VIA's Growing Number of Ambassadors Are Spreading the Gospel of Italian Wine

Most people who love wine want to learn more about it. But it can be confusing. Vintages, varieties, appellation laws—even describing what wine tastes like needs to be learned. And for wine professionals and educators, having the right qualifications and in-depth wine knowledge can make or break landing a dream job.

Vinitaly International Academy (VIA), a top-level Italian wine education program, is gearing up for its next USA edition September 13-15 in Boston, Houston and Seattle. Since VIA’s founding in 2015, 274 students, out of nearly 900 candidates, have passed the course, with 259 gaining the Italian Wine Ambassador title and 15 achieving Italian Wine Expert status.

VIA operates under the auspices of Vinitaly International, the promotional arm of Vinitaly, an annual wine fair owned and run for 55 years by Veronafiere, an Italian exposition company. The academy was founded by Stevie Kim, Managing Director of Vinitaly International, who wanted to create an international network of highly knowledgeable wine professionals who would be global advocates for Italian wine. With its demanding curriculum, and a pass rate of about 25%, the program is geared towards motivated and dedicated students of Italian wine and culture.

“Despite being a challenging course,” says Kim, “the VIA community has grown and inspired many to spread what I call the gospel of Italian wine.” Students who don’t pass the course can retake it and resit the exam as many times as needed. Kim also pointed out that while VIA is an acronym for Vinitaly International Academy, the word via means “street” in Italian, and can also be used to say “Go!” as in when you start something. “I like the fact that it symbolizes the road to Italian wine knowledge,” she says.

Stevie Kim (third from left) with the latest group of Ambassadors.

Diversity Inclusion
And that path is now being made more accessible to the entire wine community. Just as the program’s curriculum is constantly evaluated and updated, its message to the wider wine community also needed updating. For the upcoming edition, Kim has announced a scholarship for diversity and inclusion.

“I realized underrepresented groups have not received appropriate support and attention during the development of the VIA program,” says Kim. “We would now like to make up for lost time by offering a tuition waiving program.” Minorities interested in applying should reach out directly by emailing [email protected].

A Unique Curriculum
VIA’s syllabus was founded on innovative methods that revolve around storytelling rather than rote memorization of grape varieties, appellations, and quality pyramids. The course is aided by the expert scientific knowledge of Professor Attilio Scienza, as well as the ongoing support of the Italian Trade Agency (ITA). In June of 2018, VIA started what Kim refers to as the ‘2.0 program,’ with the appointment of two faculty members: Sarah Heller, a Master of Wine based in Hong Kong, and Henry Davar, U.S. wine industry veteran and certified VIA Wine Expert.

Davar refers to VIA as the “gold standard of Italian wine education.” It goal, he says, is to give students, who may be sommeliers, writers, distributors or importers, the most up-to-date information within a framework of storytelling. “We’re giving the back story and the history,” he says, “to connect our students not only to the wine world of the modern day, but to the hundreds of thousands of years that have affected Italian wine culture today.”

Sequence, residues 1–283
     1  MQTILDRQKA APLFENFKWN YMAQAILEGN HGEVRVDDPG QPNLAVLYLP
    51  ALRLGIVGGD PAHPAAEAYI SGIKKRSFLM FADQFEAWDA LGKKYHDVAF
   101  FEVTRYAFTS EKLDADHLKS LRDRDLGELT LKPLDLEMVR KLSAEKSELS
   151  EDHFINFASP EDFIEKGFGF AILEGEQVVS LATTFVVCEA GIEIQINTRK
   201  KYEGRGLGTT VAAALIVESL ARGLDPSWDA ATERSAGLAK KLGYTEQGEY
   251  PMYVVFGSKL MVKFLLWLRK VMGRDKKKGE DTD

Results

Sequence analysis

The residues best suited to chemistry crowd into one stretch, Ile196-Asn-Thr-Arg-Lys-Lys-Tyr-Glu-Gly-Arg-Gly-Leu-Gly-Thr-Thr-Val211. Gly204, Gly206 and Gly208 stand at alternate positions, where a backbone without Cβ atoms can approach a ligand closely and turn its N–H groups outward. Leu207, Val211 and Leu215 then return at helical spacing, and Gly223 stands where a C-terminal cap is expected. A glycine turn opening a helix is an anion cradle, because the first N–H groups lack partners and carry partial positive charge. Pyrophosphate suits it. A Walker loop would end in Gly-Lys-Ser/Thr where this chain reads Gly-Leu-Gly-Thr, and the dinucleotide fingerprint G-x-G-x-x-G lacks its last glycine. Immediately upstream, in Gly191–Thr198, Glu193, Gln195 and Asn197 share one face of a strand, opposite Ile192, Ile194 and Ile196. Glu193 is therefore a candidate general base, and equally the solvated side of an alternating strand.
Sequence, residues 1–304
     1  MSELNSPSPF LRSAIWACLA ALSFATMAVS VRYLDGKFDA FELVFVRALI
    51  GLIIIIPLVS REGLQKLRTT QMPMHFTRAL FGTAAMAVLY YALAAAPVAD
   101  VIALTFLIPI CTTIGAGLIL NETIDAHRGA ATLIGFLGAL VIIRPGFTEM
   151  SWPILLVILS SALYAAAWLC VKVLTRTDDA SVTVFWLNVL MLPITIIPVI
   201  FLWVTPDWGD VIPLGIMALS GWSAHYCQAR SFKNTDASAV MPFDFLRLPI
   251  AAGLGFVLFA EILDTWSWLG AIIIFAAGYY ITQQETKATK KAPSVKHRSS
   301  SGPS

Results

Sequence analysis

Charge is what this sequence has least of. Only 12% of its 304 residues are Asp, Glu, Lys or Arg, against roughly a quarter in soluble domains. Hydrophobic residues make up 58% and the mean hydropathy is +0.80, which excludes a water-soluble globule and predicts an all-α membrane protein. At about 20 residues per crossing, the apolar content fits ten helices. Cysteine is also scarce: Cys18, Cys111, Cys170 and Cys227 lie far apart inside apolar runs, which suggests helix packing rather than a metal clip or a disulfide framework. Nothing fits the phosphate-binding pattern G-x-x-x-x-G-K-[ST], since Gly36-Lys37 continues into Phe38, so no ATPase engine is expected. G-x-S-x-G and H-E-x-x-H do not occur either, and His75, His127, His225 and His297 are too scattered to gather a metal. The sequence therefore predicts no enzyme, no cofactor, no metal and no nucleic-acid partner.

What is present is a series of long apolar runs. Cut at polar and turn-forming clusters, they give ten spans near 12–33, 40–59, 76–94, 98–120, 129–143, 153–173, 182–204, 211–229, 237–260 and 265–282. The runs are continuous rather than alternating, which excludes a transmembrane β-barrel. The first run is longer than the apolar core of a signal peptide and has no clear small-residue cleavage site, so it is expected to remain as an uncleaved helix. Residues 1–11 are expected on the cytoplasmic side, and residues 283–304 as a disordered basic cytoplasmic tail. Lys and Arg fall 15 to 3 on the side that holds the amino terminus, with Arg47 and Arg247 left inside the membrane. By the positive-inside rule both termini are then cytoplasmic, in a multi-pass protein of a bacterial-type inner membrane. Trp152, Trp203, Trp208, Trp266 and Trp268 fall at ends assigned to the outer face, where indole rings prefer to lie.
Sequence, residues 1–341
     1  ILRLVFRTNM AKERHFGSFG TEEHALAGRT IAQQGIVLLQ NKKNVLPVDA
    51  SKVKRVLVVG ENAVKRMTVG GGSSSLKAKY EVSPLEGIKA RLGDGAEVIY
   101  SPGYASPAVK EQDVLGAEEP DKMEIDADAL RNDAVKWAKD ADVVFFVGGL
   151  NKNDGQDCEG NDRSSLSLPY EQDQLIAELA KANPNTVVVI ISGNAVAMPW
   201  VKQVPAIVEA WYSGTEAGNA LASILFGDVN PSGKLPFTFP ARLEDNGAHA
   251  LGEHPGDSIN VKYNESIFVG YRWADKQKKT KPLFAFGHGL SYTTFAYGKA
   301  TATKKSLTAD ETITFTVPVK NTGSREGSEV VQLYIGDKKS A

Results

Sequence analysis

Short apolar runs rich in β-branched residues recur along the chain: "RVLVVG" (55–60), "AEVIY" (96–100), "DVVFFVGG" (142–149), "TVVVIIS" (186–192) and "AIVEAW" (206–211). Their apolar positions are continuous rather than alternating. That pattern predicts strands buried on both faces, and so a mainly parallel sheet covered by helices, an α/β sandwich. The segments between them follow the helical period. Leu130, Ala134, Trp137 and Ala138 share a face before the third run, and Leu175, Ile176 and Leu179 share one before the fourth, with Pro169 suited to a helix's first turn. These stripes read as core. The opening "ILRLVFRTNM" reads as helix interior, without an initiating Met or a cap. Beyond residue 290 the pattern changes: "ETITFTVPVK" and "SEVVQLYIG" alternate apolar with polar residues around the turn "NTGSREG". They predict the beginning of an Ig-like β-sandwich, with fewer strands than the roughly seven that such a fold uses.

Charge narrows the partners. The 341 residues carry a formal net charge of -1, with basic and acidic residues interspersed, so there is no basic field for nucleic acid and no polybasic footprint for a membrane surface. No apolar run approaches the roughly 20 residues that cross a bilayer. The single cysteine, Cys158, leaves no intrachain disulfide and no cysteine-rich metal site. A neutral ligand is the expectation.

According to Davar, the foundation of VIA in 2015 coincided with a groundbreaking Italian wine book Native Wine Grapes of Italy by Ian D’Agata. At the time, it was the one textbook for the course. “D’Agata’s book came on the heels of another groundbreaking work called Wine Grapes by Jancis Robinson and a few colleagues in the wine research business,” says Davar. “In the 1990s DNA research was first applied to wine grapes which gave a lot of new information to the wine field and allowed these books to be written.” Davar adds that the publication of the two books added a wealth of information for use in wine education. As a longtime student of Italian wine himself, Davar says that when he and Heller began standardizing the curriculum in 2018, there were many diverse resources that they included. And today, the course continues to absorb new information as it becomes available.

Kim, on the big screen, with Davar during a press conference in New York City this month.

The Future Looks Bright

Graduates of VIA’s rigorous program can look forward to new business opportunities, especially in the Italian wine field. Michelle Erland, Senior Account Executive at Colangelo & Partners, a marketing agency specializing in food, wine and spirits, says that she had taken other wine certification courses before VIA but they had only skimmed the surface of Italy.

“The course far exceeded my expectations,” says Erland. “Besides the deep level of knowledge gained, VIA was a career-changing experience. The opportunity to immerse myself into the Italian wine community opened career doors I didn't even know existed. The network has given me the skills to share my passion with confidence, the ability to help Italian wine brands tell their story, and the chance to be a part of the Italian wine conversation in the United States.”

Due to Covid concerns, registered students for the upcoming edition will attend 40 hours of online theory lectures with VIA instructors, followed by three days of virtual faculty-guided tastings at tasting centers in the three cities. The exam, consisting of 100 multiple choice and two short answer questions as well as a blind tasting section, is held on the third day of the practical component.

For more information on the program, visit the Vinitaly International website, or email [email protected].

Candidate recruitment for the September edition is ongoing until August 20th.